COMING IN NOVEMBER!
In Real-Life Math: Living on a Paycheck, students use math skills to learn about life. For example, they learn to use a debit card, keep a check register, and use online banking—not for the sake of learning the skills, but as a way to pay their bills and keep track of their finances. Their individual check registers become a tool rather than a lesson.
In Real-Life Math, skills are used and then repeatedly reinforced due to the natural pattern of repetition that is found in life. For example, bills are not paid during a 1-week lesson on paying bills. Rather, bills are paid repeatedly throughout the program because paying bills is a repetitive event in life. This constant recurrence that is natural in daily life serves as a perfect learn–review–review–review–review pattern in the classroom. As students learn to function in the make–believe town of Willow, U.S.A., they truly learn to function in life.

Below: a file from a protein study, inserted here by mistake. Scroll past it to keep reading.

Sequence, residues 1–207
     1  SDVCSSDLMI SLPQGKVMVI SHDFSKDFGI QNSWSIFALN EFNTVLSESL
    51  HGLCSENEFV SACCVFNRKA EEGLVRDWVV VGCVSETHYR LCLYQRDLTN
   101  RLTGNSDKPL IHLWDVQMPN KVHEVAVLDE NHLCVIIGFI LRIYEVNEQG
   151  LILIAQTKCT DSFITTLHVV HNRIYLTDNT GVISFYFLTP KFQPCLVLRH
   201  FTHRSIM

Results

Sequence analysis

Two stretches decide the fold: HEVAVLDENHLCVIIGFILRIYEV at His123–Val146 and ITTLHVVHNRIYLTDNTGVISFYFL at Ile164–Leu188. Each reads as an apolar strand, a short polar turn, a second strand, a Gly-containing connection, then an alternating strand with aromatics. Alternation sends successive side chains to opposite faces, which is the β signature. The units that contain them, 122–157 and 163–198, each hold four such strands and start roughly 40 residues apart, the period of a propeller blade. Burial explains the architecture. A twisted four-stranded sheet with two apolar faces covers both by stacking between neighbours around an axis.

Most students can benefit from this method of learning consumer math; however, for students who struggle in school, this approach might be the only way they will really learn needed math skills. Students who have not previously had success in math can succeed with this program because it offers an opportunity to learn by doing. Many people learn best by doing and, for some students, hands-on participation is the only way they learn well. For this reason, teaching math through a simulation that models real life is a logical idea.
Real-Life Math: Living on a Paycheck offers a realistic life-experience method of teaching financial literacy, as students learn a wide range of financial skills within the context of simulation. This format allows students to learn all the skills in relation to each other rather than in isolation. Using this approach is logical because financial skills are rarely used in isolation in real life.